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Too often the strong, silent man is silent only because he does not know what to say, and is reputed strong only because he has remained silent. – Winston Churchill.

For some men the need to appear strong and silent overrides the need to talk about what’s troubling them. Let’s face it, it’s easier to discuss the latest cricket scores than have a conversation about testicular cancer, prostate cancer, mental health problems or suicide. These “taboo” topics strike fear into the hearts and minds of many males, and the last thing they want to do is have a good chat about such sensitive matters over a pint.

This means that many men are suffering needlessly. By putting off asking for help they are not getting the treatment that could potentially save their life. That might sound extreme, but national figures indicate approximately six men take their lives in Australia every day, one in eight men will experience depression and one in five men will experience anxiety.

Add to this that around 850 men (often age between 25-40) are diagnosed with testicular cancer annually – which accounts for approximately 1% of all cancers in men. This percentage might sound low, but if you were that 1 of the 850 men wouldn’t you prefer swift diagnosis and treatment? Similarly, men who suffer from anxiety or experience suicidal thoughts desperately need help, but sadly, for many, there’s still a stigma attached to seeking it.

Men’s health and wellbeing needs to take centre stage. Men need to feel comfortable enough to talk about worrying symptoms and feel able to open up about their feelings. It’s a hard thing to do, but over the years a number of high-profile male celebrities have done just that.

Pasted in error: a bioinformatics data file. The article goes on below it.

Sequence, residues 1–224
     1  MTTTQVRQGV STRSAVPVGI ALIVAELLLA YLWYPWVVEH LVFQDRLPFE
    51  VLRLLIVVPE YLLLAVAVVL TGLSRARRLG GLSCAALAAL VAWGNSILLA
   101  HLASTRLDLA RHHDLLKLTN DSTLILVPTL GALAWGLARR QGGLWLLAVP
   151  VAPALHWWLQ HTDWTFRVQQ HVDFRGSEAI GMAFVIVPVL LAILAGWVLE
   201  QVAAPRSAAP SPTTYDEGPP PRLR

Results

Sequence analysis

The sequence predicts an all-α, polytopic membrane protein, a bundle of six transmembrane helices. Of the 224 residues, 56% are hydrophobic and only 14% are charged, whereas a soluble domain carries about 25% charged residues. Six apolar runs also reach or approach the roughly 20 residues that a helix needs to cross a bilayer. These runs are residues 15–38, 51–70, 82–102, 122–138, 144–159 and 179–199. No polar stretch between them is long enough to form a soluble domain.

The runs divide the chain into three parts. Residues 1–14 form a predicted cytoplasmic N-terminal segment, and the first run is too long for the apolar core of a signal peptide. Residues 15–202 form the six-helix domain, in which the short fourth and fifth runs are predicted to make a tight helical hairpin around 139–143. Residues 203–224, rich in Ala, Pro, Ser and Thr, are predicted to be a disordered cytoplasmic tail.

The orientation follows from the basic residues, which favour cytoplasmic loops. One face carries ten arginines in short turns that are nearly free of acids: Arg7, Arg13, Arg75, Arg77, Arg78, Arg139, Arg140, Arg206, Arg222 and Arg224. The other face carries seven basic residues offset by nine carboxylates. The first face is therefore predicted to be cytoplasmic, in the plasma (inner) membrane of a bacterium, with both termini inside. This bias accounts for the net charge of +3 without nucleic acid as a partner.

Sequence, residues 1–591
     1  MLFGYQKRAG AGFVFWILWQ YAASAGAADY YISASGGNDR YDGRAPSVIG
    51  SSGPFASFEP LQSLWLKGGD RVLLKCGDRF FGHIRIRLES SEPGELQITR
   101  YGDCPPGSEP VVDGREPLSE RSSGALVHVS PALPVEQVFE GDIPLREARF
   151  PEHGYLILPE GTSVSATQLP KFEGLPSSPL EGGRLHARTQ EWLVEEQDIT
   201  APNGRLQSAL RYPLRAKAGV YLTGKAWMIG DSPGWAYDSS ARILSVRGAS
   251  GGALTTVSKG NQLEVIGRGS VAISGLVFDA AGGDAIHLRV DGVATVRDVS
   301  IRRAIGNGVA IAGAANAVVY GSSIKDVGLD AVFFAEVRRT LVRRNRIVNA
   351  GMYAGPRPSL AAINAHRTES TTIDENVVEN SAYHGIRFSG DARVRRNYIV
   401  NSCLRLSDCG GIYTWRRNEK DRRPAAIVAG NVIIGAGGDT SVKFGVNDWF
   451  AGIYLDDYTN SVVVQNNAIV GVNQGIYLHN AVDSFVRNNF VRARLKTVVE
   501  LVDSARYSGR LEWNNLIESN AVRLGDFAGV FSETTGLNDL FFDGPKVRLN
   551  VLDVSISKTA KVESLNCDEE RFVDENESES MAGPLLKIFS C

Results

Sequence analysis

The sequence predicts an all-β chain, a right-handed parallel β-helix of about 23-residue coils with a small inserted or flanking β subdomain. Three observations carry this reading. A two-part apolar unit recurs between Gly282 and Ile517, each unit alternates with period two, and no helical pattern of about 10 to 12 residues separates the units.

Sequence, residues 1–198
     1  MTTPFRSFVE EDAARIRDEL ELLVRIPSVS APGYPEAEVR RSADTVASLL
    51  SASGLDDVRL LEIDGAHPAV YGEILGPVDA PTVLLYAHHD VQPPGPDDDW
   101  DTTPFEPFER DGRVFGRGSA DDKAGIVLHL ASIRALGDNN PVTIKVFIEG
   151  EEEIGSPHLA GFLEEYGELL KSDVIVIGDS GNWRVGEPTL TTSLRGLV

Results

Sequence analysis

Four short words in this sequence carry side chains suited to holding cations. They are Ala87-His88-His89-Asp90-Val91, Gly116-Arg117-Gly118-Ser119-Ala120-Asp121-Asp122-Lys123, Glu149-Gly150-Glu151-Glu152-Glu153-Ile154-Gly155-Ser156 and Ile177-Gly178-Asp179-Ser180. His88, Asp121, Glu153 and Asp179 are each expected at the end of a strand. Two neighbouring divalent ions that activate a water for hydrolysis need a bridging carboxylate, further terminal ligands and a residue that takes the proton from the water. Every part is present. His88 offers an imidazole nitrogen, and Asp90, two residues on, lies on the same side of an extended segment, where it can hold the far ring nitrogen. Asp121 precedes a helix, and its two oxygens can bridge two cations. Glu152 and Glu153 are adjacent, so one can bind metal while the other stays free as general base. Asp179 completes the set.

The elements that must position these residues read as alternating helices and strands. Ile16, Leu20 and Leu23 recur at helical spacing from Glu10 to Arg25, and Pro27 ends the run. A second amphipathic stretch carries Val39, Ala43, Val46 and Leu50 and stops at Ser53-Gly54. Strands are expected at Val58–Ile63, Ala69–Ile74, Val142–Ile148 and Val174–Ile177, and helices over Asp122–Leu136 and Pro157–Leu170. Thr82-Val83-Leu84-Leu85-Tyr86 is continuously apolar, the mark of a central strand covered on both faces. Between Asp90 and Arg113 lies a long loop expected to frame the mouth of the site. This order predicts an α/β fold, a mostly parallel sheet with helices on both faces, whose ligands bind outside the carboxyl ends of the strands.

Wrestler and actor Dwayne “The Rock” Johnson, grime artist Stormzy, and Olympic gold swimmer Ian Thorpe have much in common. All three have achieved amazing success and wealth, and yet all three have battled crippling depression. Hollywood actors Robert De Niro and Ben Stiller have both fought prostate cancer, and are quick to promote the virtues of regular screening.

Channel 7 reporter and presenter Chris Reason is vocal in his warnings to never miss a health check, after he himself did just that whilst busy covering the 9/11 attacks. Subsequently he was diagnosed with testicular cancer, and acknowledges the delay could have proved fatal.

Whilst this is a positive step towards shining a light on men’s health and well-being, there’s an argument that more needs to be done. There are so many men experiencing difficulties – going through a rough patch and feeling as though they have nowhere to turn, and that’s why we want to do something about it.

You Are Invited to A Special Event

Here at Gatehouse Legal Recruitment we’re working with Alifery Freelance Experts and ST ALi to support The Movember Foundation – the leading charity tackling prostate cancer, testicular cancer, mental health and suicide prevention.

We will be hosting a live auction charity event on Monday 25th November from 6pm – 9pm at Mercedes me Store Melbourne, 525 Collins Street, VIC 3000 to raise much needed funds. We would love to see you there, but if you can’t attend in person you’ll be pleased to know that you can still donate to this worthwhile cause.

It’s time to shine a light of men’s health and well-being. It’s time to break-down the stigma associated with sharing concerns and seeking help. It’s time we recognised that being silent doesn’t equate to being strong. It’s time for men to find their voice and be unafraid to use it. It’s time for us all to support Movember.

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